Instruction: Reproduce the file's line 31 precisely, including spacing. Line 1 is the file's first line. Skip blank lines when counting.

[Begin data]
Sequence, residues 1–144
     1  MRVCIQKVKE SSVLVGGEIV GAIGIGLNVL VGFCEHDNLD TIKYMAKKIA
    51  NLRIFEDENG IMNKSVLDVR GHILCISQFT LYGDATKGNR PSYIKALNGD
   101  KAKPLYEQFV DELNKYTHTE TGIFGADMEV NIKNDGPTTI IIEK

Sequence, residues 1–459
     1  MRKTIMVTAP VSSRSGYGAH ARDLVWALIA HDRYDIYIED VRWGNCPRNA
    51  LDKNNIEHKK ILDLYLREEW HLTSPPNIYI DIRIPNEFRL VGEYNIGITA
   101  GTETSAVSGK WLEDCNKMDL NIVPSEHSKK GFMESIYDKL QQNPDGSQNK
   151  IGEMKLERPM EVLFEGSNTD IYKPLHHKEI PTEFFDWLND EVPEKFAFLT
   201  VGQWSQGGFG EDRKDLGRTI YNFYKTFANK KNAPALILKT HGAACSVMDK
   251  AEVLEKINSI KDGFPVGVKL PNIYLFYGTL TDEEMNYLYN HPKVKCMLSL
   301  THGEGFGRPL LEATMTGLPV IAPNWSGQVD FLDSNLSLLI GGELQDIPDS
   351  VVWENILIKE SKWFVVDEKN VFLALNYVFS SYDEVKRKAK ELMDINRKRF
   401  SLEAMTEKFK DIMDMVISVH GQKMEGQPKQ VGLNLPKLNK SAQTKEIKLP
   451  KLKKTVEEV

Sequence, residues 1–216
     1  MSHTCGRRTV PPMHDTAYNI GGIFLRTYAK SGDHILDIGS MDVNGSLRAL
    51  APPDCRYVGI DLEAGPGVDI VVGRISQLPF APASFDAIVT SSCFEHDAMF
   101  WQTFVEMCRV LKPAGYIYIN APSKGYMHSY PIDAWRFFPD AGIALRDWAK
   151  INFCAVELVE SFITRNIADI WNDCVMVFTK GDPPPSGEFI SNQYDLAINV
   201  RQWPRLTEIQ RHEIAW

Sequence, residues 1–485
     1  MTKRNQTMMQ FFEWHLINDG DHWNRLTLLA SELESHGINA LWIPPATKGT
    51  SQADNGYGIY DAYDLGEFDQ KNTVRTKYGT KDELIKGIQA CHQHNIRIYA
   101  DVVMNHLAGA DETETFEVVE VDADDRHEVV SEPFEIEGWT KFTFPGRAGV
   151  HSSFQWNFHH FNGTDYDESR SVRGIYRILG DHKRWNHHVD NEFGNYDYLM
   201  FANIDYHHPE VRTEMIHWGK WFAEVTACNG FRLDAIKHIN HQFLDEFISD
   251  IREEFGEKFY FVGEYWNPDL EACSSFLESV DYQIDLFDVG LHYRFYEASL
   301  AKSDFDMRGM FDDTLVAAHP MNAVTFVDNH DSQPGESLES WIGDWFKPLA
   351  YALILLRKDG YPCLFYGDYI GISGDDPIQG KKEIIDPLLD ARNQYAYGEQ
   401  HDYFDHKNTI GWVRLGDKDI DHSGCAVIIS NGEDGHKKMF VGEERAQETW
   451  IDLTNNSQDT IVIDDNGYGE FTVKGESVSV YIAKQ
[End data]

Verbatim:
   401  HDYFDHKNTI GWVRLGDKDI DHSGCAVIIS NGEDGHKKMF VGEERAQETW